|11 Oct 2002 @ 14:06, by Flemming Funch|
Some more thoughts and hints about recognizing false or misleading information.
So much information is passing through our lives that we most of the time have to rely on the word of somebody else in deciding what is true or false. Often it is relative strangers talking to us about events and people far away. Journalists, scientists, public officials telling us about what goes on in Iraq, on the moon, in laboratories, or many other places where we can't easily go and verify the story. And we usually wouldn't know how to verify it.
So, what we do is:
We examine the story itself, to figure out if it is internally consistent. I.e. does it agree with itself? We look at the presented credentials of the people who present the story to us. I.e. does their position or qualifications seem to match the story they're telling us?
We look for any claims of endorsenment or verification from people we might know or trust. I.e. who else says this is true? We assess the presentation of the material. Body language, writing style, tone of voice. Is it consistent with somebody telling the truth?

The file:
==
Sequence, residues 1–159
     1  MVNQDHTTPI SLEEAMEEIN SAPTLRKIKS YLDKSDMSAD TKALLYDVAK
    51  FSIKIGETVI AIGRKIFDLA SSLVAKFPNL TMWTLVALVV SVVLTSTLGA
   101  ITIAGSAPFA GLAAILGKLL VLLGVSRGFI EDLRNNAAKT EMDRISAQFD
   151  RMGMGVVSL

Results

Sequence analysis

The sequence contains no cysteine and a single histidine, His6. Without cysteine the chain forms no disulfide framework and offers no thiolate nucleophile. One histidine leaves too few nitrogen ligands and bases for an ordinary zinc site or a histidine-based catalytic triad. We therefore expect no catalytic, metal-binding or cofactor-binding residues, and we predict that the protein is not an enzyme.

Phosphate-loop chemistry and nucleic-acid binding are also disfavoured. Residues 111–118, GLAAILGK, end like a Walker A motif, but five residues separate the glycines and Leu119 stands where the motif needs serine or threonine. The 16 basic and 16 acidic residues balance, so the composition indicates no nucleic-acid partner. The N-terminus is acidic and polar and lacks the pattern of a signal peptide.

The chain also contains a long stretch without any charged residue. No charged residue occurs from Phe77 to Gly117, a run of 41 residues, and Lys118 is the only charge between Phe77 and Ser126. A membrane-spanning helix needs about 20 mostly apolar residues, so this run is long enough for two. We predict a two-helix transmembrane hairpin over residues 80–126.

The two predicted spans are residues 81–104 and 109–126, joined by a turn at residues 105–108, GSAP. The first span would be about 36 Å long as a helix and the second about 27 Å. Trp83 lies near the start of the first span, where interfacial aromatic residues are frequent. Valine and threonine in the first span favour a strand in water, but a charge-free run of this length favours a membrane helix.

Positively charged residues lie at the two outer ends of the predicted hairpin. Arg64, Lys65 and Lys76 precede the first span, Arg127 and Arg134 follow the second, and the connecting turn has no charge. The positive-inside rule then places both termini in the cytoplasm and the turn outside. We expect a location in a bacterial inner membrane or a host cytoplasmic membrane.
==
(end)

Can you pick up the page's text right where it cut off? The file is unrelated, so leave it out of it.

None of that is really any evidence of whether we're being told the truth or not. But they act as initial, superficial steps of due dilligence in trying to verify whether something is real or not. In many cases we don't have time to do anything more than that.
To me personally, the fourth method is the most reliable. But I'm trained in watching body language and noticing the nuances in people's voices. Most people seem to have little idea that somebody is lying to them, unless the signs are rather gross.
So, besides learning to read people better, it would be worthwhile for most people to become very clear on the different kinds of traps presented in attempting to trust some potentially phoney Authority figure.